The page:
First swim team was in 1970. We had 100 members at Nassau and membership was restricted to Princeton University and Institute for Advanced study. I am guessing we had about 40 members on the team – ten of them were Bolsters!
In order to have home meets we made lane lines out of clothes line and multi colored plastic toys, most of which would float. A couple of members made four starting blocks which were placed at the shallow end of the pool. We were more worried about the depth for flip turns than possible head injuries! That first year we had not had the foresight to put in lane lines so more than once an eight and under would get turned around and head back towards the starting block. The first year was limited to freestyle and backstroke before we introduced breast, fly and IM’s. Most of the teams had real problems finding enough older swimmers, so the older relays had to have at least two fourteen and under. The diving team was begun with the help of Mike Mahoney, a volunteer parent who had been a college diver and swimmer. Diving began every meet with only two age groups (until Championships), 12 & under and 17 & under, followed by the swimming events. As we added more swimming events and the meets got longer we devised the format of limiting swimming events and having an ‘A’ and ‘B’ schedule. For many years, however eight and under only did free and back in every meet. Finally swimming and diving became so popular and the teams so large that diving had to be separated from the swim meet. This only happened about 10 years ago.
The peak of Nassau’s overwhelming dominance in PASDA occurred in the late seventies and early eighties. At one point the league suggested we form two teams in order to give the other teams a chance. That year we more than doubled the score of the second place team and may have resulted in a first and second place for Nassau!
With less turnover at Princeton University and an older membership we began to see an alarming decline of youngsters at Nassau and fewer swimmers on the team. This was the catalyst that allowed the board to change the by-laws and membership requirements to join Nassau. With this more open policy Nassau was able to continue to compete very favorably with the best teams in the league.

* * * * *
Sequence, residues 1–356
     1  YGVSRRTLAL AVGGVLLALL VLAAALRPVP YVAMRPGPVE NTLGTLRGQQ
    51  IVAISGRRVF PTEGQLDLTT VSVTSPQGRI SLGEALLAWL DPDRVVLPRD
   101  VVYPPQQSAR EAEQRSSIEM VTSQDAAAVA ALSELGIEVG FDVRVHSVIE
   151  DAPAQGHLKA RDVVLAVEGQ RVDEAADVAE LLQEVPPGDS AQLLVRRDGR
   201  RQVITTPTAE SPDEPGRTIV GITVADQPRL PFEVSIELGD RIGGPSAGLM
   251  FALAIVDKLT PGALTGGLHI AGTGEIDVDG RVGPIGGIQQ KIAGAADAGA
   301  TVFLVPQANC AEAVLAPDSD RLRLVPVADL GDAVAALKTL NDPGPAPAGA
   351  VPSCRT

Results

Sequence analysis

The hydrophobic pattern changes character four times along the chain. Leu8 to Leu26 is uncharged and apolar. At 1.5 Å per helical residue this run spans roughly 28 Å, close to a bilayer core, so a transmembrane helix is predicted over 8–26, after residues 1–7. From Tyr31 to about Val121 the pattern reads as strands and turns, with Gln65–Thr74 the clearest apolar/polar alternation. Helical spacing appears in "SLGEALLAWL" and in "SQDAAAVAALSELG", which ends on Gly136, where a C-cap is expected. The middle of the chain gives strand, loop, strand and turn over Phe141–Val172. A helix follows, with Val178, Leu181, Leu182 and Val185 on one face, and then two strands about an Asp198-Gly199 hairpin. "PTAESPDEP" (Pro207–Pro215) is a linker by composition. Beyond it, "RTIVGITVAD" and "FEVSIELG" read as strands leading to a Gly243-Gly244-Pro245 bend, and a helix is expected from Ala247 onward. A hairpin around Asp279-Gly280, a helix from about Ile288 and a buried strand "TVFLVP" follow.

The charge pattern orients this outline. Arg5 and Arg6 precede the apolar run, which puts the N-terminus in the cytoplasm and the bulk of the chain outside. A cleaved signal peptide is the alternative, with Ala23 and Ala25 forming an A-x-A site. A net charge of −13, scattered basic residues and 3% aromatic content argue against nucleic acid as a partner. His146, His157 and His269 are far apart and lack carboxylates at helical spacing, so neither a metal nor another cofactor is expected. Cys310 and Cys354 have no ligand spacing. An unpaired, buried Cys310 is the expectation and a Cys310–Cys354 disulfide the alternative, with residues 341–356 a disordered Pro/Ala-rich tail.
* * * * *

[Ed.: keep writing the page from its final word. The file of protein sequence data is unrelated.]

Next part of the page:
Nassau used to be famous for its giant horseflies – in fact a lot of the kids thought that the kick boards were at Nassau in order to kill them. So as we began our search for a good mascot to represent Nassau, my personal favorite was the Nassau Horseflies – those were some tough flies. Fortunately, I left it up to the kids to decide and while reading an encyclopedia of animals a group of girls came up and asked what I thought of the lemming. The rest is history and explains why generations of Nassau swimmers have to put up with: “Why do you have a rat on your suit? Or racing cap?” Well if you’re going to be a lemming and jump off a cliff into the cold water you better learn to swim – well and fast – to survive. And when the Nassau seniors jump off the board for the last time most of them mimic that first doggy paddle they showed on the first day of lessons at Nassau when they were 4 – 5 years old.
When I was at River Road Pool in Rocky Hill in the sixties, a rival was Pine Brae. They had this game (sharks and minnows) that always started with Pom-Pom. We liked the game but we all (boys and girls together) felt it sounded too girlish and weak and after all that pool was a snobby country club whereas we were a free community pool (maybe that’s where the idea of free swimming lessons came from). We felt we were tougher and we had a much wider and deeper pool. So we had to change Pom-Pom to something closer to our roots – River Road Pool somehow became Rackety Poo and was bequeathed to Nassau.